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Inventory Concepts

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Luis Jesús Pérez Rivera

on 27 March 2017

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Transcript of Inventory Concepts

Inventory Concepts
M Sc. Luis Jesús Pérez Rivera
Inventory
"A quantity of a commodity in the control of an enterprise, held for some time to satisfy some future demand."
Raw
Material
Work in process (WIP)
Finished
Goods
Types of inventory:
Inventory purpose
Maintain flexibility between operations
Absorb demand variability
Allow flexibility during production scheduling
Absorb lead time variability
Take advantage of discounts based on the ordered quantity.
Inventory costs
Ordering Cost
Customer response at shortage
1. Backorder
the customer is willing to wait for an item. Penalties: production stoppage, expedition, possible late delivery, bad reputation, record keeping

2. Lost sales.
Mayor penalty is the lost profit and loss of goodwill.

the different inventory types needed to meet customer wants and needs.
planning
coordinating
controlling
acquisition,
storage,
handling,
movement,
distribution,
possible sale
involves
the
of
Inventory Management
I
ndependent &
D
ependent Demand
I
: the demand of several items are not related
D
: the demand of an item is a consequence of the demand of a higher level item.
(1)
(1)
(1)
(1)
(4)
10 ferraris california?
D
eterministic &
S
tochastic Demand
D
: future demand of an item is known with CERTAINTY.
S
: the opposite of
D
, it's often a more realistic assumption but harder to deal with.
Inventory Policies
What to order?
When to order?
How much to order?
Periodic review system
Continuous review system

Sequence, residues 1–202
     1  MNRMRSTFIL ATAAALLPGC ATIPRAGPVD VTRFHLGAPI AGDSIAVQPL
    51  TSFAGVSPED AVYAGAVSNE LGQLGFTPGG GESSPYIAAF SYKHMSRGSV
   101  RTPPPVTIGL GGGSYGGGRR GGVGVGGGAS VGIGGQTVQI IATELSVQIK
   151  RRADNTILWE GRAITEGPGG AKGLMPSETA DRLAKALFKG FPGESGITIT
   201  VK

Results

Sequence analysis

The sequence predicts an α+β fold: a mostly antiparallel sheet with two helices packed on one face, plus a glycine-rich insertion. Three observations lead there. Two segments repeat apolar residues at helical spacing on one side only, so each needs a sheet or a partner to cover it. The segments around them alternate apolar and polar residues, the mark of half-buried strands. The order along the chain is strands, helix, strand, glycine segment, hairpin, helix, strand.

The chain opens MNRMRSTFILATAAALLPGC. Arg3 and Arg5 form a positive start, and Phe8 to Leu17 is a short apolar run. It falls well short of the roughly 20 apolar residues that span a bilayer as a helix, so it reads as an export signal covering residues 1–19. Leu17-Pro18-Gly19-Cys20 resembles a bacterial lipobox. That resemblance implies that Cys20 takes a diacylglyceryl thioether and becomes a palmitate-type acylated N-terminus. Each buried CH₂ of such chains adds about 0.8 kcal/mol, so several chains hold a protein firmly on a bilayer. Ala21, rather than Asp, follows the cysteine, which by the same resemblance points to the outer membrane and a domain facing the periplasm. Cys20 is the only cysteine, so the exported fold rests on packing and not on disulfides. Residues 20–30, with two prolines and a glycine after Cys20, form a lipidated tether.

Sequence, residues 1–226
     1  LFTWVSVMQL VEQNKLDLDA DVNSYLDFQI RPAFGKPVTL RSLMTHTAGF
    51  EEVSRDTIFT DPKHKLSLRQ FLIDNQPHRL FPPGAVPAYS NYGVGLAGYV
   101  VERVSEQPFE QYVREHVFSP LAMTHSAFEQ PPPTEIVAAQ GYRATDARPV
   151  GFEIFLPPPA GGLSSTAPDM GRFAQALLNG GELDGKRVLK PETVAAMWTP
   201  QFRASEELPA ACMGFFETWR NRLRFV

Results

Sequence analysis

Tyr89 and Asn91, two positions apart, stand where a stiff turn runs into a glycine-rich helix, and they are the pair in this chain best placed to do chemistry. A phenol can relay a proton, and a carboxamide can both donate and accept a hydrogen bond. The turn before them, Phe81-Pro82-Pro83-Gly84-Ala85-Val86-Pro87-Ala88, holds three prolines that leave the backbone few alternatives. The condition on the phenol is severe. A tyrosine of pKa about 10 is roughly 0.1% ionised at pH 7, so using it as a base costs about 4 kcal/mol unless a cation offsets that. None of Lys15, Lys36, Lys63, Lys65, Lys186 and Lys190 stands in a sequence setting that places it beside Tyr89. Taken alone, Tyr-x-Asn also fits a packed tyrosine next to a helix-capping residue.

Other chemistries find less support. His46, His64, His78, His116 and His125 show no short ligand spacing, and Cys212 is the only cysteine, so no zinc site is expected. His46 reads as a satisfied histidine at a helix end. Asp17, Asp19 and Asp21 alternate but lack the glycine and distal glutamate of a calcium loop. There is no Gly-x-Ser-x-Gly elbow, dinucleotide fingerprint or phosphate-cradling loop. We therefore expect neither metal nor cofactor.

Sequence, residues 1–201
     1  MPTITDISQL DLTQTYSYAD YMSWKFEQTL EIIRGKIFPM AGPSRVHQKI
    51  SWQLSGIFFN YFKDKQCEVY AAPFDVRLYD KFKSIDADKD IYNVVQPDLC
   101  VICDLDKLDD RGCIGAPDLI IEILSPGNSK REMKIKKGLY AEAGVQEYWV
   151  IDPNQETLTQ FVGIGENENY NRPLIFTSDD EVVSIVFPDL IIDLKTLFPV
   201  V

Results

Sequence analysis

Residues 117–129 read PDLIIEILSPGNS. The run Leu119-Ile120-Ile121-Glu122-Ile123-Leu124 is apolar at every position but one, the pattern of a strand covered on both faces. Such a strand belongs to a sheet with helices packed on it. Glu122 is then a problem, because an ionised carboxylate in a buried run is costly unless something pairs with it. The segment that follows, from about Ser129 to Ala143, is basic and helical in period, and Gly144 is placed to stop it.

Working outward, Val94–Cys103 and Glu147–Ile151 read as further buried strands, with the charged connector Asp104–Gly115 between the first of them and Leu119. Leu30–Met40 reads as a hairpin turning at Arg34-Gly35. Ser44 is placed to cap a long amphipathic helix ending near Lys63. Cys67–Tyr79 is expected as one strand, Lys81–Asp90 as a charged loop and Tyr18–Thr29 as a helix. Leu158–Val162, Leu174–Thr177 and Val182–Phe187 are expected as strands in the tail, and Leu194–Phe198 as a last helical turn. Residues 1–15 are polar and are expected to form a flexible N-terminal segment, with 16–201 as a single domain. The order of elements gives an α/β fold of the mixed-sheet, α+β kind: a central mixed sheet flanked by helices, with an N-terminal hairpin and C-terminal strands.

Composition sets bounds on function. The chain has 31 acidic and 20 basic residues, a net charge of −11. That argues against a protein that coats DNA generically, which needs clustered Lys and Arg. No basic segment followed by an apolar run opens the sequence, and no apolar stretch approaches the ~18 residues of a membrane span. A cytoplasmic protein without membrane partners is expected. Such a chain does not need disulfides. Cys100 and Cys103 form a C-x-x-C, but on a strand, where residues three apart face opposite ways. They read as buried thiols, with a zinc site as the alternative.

eg. S,T model
eg. Q,r model
They're all classics!
:)
There are 3 key decision variables:
Performance measures
What about customer satisfaction (service level)?

Excercise:
inventory turnover benchmark
Where should the data come from?

Purchasing cost
Inventory Costs
1. Purchasing
2. Ordering
3. Holding
4. Shortage
Is the per-item cost paid to the supplier. Let
c

be the unit cost and
Q
be number of units purchased (lot size). Then the total purchasing cost is:
A fixed cost, usually independent of the lot size purchased. Includes all costs associated with placing or receiving an order. Denoted by
A

Buyer time
Transportation
Receiving
Any other relevant
Holding Cost
Includes:

Cost of capital
Obsolescence / Spoilage
Handling
Occupancy
Miscellaneous (damage, security, tax, theft, insurance, etc.)
Holding Cost
The holding cost is denoted by
h
and is measured in $/time unit. It may be obtained as a fraction
i
of the unit cost of the product (
c
). That is:
Example:
Typical annual values of
i
are 25% to 40%, but
i
can be as high as 60%
|
Shortage Costs
Fixed
($)
By time unit
(eg. $/day)
Usually
Control Decisions
During the course we'll see a variety of models, policies and approaches to various aspects of different inventory systems.

Imagine the complexity of a multi-item system with thousands of items on it!
Control Decisions
Pareto Analysis: separate "important" from "nonimportant".

Pareto principle was applied to inventory systems the first time by Dickie (1951).

He called it ABC Analysis.
|
ABC Analysis
The ABC curve ranks the inventory items in descending order according to a one given criteria, such as:

- Sales ($)
- Cost of sales
- Profit
- Sales (units)

ABC Analysis
With the ranking done items are classified as A, B or C according to it.


ABC Analysis
The objective of an ABC analysis is being able to establish a control system with the proper control level given the importance of each class.


A: Very important

Important
less important
Some observations
No fixed convention to which items are A, B or C
70/20/10 ?
Eye balling the curve: A until it starts bending, B until it stops doing it.
The steeper the curve more separation power it has: fewer items will be very important
Be logical and use your common sense!


backorder
lost sales
Full transcript